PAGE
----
Global market performance from the start of 2020 was inevitably affected by the outbreak of Coronavirus infections, a pulmonary illness from the same family as SARS which has been a fixed feature in financial and general news headlines since 20 January, with over 900 deaths and 40,000 infected. The good news is that the rate at which infections are increasing is coming down day by day, which seems to indicate that the peak in the spread of the virus should be reached quite soon. Speaking of the Coronavirus, the real question mark for markets does not refer so much to the first quarter figures, which were already expected to be negative, but rather for how long Chinese demand will remain frozen due to fear of contagion. Just days before the outbreak of the pandemic, the European market was performing well (up approx. 2% YTD), driven by IT, Utilities and the Health sector, with the worst performers being the Auto, Chemical and Banking sectors. Fast forward to mid-February and the market reverted to a few basis points from the maximum levels, driven again by the same sectors, with a recovery in banks, and significant worsening recorded in the Transport, Travel and Energy sectors.
The FTSE MIB, in particular, showed a notable increase at the start of the year (approx. 4.5% YTD), recording the best performance among the European listings and coming close to the historic resistance of 24,500 points. The best performing sectors were Utilities (up approx. 15% YTD), IT (up approx. 12% YTD) and Consumer Goods (up approx. 10% YTD), followed by the Health, Banking and Raw Materials, which were all in positive territory. Whereas, Telecommunications (down approx. 11% YTD), Energy (down approx. 7% YTD) and Discretionary Consumption (down approx. 2% YTD) were the three worst performing sectors due to specific problems with Telecom Italia, the drop in the price of Oil due to the virus and luxury brands’ exposure to Chinese demand, respectively. Going on to analyse the capitalisation component, we note instead the net overperformance of Large Caps versus Small Caps, as seen in the negative YTD performance of the FTSE Italia Small Cap and FTSE Italia Mid Cap indices. This represents a return to the trend over the last two years, which was only momentarily broken towards the end of 2019 with the encouraging news on the PIR (Piano Individuale di Risparmio – individual savings plan) regulation (that also remains a positive catalyst for 2020).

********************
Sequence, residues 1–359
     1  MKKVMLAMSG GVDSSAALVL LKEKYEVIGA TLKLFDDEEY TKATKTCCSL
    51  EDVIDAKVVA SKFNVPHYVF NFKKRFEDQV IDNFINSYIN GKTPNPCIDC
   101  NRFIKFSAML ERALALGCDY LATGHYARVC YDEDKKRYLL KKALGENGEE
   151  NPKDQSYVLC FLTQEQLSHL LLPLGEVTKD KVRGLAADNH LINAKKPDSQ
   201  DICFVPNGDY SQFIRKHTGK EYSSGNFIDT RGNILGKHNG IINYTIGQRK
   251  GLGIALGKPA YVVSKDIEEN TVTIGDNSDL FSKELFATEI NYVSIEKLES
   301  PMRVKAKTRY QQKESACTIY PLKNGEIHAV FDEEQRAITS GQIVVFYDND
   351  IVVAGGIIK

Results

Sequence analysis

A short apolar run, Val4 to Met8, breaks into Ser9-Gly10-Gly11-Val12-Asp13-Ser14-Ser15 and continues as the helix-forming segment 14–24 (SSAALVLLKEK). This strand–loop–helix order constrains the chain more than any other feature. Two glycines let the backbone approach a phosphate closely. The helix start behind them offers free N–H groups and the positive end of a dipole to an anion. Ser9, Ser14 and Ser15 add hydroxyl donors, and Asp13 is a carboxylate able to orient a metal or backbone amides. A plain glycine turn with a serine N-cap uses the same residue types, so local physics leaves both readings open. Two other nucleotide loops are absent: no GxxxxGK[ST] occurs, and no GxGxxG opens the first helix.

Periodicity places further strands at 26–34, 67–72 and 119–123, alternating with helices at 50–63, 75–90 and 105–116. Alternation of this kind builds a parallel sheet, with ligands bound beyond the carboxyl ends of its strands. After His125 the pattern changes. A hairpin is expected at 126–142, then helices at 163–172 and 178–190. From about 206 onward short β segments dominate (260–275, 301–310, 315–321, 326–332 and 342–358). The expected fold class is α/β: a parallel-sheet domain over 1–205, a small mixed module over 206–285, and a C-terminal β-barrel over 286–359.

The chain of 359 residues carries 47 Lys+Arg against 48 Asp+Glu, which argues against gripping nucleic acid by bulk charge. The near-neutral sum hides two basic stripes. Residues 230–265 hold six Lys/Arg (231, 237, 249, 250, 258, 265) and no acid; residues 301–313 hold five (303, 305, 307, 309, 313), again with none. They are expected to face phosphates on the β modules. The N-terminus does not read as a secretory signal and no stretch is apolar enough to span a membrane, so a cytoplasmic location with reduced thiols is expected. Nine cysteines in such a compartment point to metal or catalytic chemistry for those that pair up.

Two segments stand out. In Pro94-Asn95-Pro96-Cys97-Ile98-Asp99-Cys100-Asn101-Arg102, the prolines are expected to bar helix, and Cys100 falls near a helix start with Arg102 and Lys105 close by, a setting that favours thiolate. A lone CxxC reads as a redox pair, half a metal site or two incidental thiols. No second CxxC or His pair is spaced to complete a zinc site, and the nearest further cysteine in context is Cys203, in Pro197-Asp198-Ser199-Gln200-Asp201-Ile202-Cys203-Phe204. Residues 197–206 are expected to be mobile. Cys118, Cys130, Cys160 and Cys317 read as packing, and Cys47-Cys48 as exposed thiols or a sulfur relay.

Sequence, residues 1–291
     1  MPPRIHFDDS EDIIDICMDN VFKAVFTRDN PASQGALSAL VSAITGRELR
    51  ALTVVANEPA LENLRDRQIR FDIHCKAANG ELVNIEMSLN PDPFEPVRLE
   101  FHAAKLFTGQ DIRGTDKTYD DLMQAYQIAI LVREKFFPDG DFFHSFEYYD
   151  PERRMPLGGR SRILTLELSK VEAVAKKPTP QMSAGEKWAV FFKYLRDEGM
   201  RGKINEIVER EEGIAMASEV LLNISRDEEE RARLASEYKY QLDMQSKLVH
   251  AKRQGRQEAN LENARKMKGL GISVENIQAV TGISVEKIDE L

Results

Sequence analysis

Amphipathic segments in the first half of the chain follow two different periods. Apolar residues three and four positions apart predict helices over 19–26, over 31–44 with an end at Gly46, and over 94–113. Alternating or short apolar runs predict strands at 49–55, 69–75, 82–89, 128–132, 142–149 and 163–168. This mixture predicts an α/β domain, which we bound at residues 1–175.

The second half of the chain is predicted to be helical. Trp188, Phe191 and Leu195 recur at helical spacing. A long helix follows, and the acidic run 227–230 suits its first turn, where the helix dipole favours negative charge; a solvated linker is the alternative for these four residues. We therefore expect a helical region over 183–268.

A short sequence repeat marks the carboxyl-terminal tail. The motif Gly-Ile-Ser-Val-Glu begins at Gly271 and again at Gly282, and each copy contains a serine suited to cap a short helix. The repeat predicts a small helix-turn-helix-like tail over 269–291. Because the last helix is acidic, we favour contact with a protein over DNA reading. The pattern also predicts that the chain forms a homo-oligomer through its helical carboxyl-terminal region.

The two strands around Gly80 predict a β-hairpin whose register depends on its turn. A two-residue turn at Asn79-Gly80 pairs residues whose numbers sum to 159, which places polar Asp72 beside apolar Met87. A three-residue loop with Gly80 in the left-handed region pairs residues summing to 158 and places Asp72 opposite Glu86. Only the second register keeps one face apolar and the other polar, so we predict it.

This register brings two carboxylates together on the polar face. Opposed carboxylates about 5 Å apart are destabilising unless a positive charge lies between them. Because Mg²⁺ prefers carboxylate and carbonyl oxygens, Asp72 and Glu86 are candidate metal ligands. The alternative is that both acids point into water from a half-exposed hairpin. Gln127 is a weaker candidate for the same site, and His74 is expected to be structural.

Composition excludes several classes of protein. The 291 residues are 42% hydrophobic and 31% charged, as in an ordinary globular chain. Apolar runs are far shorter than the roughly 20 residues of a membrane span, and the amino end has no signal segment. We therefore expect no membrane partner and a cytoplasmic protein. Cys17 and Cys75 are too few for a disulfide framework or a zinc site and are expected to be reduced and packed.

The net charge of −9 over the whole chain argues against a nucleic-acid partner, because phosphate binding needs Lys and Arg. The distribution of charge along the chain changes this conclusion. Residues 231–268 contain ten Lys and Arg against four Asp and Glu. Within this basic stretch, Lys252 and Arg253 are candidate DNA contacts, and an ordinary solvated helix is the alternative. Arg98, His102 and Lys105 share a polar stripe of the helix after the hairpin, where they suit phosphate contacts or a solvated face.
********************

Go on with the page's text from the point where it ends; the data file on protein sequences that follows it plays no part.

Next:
This is mainly attributable to the rotation of flows that are leaving traditional funds and going into ETFs and themed funds. The need to invest in highly liquid securities on the part of passive funds, thus excluding a priori the greater majority of companies listed off the FTSE MIB, creates a viscous cycle, making the other indices increasingly illiquid. Added to this is the obsessive and growing level of attention focusing on ESG issues, which translates into investments in companies with sustainability reports and ESG ratings issued by certain specialised international agencies. These prerogatives actually represent a minor cost for larger companies, which had already moved in this direction, but impact heavily on the position of smaller companies, which are only now starting to promote their environmental, social and governance initiatives. In terms of fundamentals, however, there is growth that distinguishes many of the quality Italian SMEs and which represents an opportunity for anyone able to invest over a reasonably long time frame (for example, ELTIF funds), pending the correction of this market anomaly.
With roughly 1/3 of companies having disclosed their results for the last quarter of 2019, a picture of the figures for this reporting season is beginning to emerge. As a general trend, there is a good percentage of upbeat analysts who had probably been cautious about raising estimates on the numbers they had previously cut back on and which are now performing better than expected. The most unexpected feature is the good performance by banks, which benefited from the low spread to perform well in trading, but which, in certain cases (like Intesa), also managed to improve their net interest margin, namely the better quality profit portion, and to increase distribution to investors with dividends and buy-backs (like Unicredit).
Interview with Massimo Trabattoni, Head of Italian Equity.